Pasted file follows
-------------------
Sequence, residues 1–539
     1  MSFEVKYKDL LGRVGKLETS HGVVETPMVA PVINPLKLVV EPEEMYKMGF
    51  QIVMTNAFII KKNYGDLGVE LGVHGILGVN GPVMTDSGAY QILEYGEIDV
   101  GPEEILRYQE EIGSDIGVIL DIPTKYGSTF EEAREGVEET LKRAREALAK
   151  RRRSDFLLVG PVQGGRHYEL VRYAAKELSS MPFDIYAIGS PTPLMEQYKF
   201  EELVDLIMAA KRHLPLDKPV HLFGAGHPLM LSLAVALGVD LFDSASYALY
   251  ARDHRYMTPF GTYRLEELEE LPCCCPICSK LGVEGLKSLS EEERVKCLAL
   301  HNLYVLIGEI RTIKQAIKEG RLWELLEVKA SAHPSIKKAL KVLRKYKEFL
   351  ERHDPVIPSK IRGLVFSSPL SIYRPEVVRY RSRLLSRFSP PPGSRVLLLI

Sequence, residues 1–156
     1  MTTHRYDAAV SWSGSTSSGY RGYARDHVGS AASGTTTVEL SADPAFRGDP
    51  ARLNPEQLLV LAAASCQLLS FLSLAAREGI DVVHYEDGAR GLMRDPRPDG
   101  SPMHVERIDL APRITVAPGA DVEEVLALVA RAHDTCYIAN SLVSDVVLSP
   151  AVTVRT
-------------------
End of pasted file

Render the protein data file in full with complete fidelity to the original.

Sequence, residues 1–539
     1  MSFEVKYKDL LGRVGKLETS HGVVETPMVA PVINPLKLVV EPEEMYKMGF
    51  QIVMTNAFII KKNYGDLGVE LGVHGILGVN GPVMTDSGAY QILEYGEIDV
   101  GPEEILRYQE EIGSDIGVIL DIPTKYGSTF EEAREGVEET LKRAREALAK
   151  RRRSDFLLVG PVQGGRHYEL VRYAAKELSS MPFDIYAIGS PTPLMEQYKF
   201  EELVDLIMAA KRHLPLDKPV HLFGAGHPLM LSLAVALGVD LFDSASYALY
   251  ARDHRYMTPF GTYRLEELEE LPCCCPICSK LGVEGLKSLS EEERVKCLAL
   301  HNLYVLIGEI RTIKQAIKEG RLWELLEVKA SAHPSIKKAL KVLRKYKEFL
   351  ERHDPVIPSK IRGLVFSSPL SIYRPEVVRY RSRLLSRFSP PPGSRVLLLI

Sequence, residues 1–156
     1  MTTHRYDAAV SWSGSTSSGY RGYARDHVGS AASGTTTVEL SADPAFRGDP
    51  ARLNPEQLLV LAAASCQLLS FLSLAAREGI DVVHYEDGAR GLMRDPRPDG
   101  SPMHVERIDL APRITVAPGA DVEEVLALVA RAHDTCYIAN SLVSDVVLSP
   151  AVTVRT